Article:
Want to Build a Strong Brand Name? Think in Terms of Trademarks to Add Value to Your Brand!

Are you unsure how to select a brand name that is both memorable and a strong asset? From a trademark perspective, a good name can help you not only stand out but also protect your brand. Here are 3 types of marks to consider.

3 Types of Trademarks

1️⃣ A “Coined” Mark–a word that has no meaning in the English language
E.g., EXXON for gasoline

2️⃣ An “Arbitrary” Mark–a word that exists but is entirely unrelated to the business, product, or service that uses it
E.g., APPLE for computers

3️⃣ A “Suggestive” Mark–a word that suggests the nature of the product or service without describing it
E.g., NETFLIX for streaming services


✅ DO select the strongest types of trademarks: COINED and ARBITRARY marks

These provide an Opportunity to build a positive association between the name and the company, product, or service

❌ DON’T Select a brand name that DESCRIBES the product or service

These are more likely to be used by competitors leading to a higher risk of brand competition

Descriptive words must remain available to describe products and services

These are more likely to be rejected as trademarks


Have a trademark law question? Message me!


Are you following laws like the “30-day Rule” when selling physical products online?

⤵WHAT is the “30-day Rule”?

Federal laws require that when you advertise and sell physical items, you must:

→  Have a reasonable basis for stating or implying that you can ship within a certain time.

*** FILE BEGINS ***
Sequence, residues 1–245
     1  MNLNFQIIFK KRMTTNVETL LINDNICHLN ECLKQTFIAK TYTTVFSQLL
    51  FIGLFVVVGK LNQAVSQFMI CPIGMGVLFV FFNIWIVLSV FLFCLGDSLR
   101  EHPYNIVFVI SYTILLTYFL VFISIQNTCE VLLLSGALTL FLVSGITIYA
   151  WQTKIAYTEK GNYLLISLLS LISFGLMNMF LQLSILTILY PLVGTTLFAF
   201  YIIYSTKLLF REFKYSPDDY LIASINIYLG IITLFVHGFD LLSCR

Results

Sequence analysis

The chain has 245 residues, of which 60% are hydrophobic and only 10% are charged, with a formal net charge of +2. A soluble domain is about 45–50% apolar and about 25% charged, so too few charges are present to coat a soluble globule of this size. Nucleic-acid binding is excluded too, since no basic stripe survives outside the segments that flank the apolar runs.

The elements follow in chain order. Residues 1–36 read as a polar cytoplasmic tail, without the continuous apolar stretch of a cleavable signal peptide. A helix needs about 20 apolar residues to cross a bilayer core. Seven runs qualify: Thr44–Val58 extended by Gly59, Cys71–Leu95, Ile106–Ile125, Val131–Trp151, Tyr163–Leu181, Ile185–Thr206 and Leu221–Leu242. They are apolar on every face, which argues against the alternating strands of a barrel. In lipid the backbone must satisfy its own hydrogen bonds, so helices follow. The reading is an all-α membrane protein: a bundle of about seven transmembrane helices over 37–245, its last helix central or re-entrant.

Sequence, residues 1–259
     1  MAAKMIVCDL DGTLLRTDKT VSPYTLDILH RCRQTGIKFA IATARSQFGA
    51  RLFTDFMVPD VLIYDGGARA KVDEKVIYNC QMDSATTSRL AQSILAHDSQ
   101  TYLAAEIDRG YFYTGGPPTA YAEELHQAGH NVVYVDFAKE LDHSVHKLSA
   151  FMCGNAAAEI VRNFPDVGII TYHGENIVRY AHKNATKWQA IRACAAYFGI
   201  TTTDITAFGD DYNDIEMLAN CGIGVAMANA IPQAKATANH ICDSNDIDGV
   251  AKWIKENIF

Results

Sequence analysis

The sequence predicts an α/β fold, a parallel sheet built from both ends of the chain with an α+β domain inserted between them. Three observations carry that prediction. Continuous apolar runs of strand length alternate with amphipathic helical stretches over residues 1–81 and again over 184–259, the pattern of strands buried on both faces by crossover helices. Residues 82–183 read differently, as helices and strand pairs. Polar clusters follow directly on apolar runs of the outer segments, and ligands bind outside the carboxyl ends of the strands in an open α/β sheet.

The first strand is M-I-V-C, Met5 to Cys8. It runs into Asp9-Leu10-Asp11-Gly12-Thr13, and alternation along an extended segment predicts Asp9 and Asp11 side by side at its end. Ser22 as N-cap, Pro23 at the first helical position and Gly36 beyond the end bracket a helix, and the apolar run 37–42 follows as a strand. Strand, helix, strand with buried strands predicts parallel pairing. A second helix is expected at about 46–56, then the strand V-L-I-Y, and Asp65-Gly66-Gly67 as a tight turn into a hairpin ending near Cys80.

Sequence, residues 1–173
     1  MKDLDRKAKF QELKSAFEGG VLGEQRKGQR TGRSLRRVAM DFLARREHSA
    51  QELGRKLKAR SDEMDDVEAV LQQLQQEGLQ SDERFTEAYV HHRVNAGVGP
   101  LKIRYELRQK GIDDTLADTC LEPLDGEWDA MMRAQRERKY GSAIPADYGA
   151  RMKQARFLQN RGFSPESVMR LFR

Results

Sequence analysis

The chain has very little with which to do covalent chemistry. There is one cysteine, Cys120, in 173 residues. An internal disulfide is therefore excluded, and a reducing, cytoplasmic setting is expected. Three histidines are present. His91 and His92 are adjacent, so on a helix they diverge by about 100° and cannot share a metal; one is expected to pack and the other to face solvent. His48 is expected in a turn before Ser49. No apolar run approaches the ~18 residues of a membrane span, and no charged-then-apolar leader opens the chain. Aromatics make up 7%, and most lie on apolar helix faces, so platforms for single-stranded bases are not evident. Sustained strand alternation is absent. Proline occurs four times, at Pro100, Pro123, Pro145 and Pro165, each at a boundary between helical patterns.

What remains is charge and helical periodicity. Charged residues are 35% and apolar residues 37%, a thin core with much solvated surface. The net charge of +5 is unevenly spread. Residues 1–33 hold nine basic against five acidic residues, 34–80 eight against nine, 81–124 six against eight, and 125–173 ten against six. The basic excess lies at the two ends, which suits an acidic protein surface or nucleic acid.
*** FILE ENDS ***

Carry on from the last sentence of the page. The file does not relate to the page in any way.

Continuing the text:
→ If you make no shipment statement, you must have a reasonable basis for believing that you can ship within 30 days.

⤵WHEN does the 30-day rule apply?

It doesn’t matter how you market the items, how the customer pays, or who reached out first. The 30-day Rule still applies. This is even if the customer orders by mail, phone, or internet.

⤵WHAT HAPPENS if you can’t ship in time?

If you accept a customer’s order and then realize you can’t ship the product to them within the time you said or within 30 days, the law requires that you get your customer’s permission for the delay.

If you’re unable to get the customer’s permission (whether phone, email, or otherwise) the law requires that you immediately refund all the money your customer paid for the unshipped items.

Amazon to pay $61M for pocketing tips promised to drivers

Amazon told delivery drivers in its Amazon Flex program – and customers who placed orders through Prime Now and AmazonFresh – that 100% of tips would go directly to the drivers. But, for more than two years, Amazon secretly pocketed over $61 million of those tips. Now the Federal Trade Commission will hold Amazon to its promises and Amazon will be returning the entire $61.7 million to Amazon Flex drivers.

What can you learn from this case? 

When advertising, be transparent about material terms. Explain up front important information about pay, tips etc. If you change the nature of the deal, be clear about that, too. Concealing what’s going on can lead to class actions, fines, and investigations. 

Substantiate your claims – express or implied. 

Amazon misled customers and drivers by stating that “100% of tips are passed on to your courier.” How would customers have responded if Amazon had told them the truth: “We take 30% to cover our costs and pass on 70% to your courier”? Like other objective claims about products or price, companies also honor their representations to the public. 

Do you engage in marketing or have an online checkout flow for your products or services? → You may want to hire a marketing lawyer to keep you out of hot water. 


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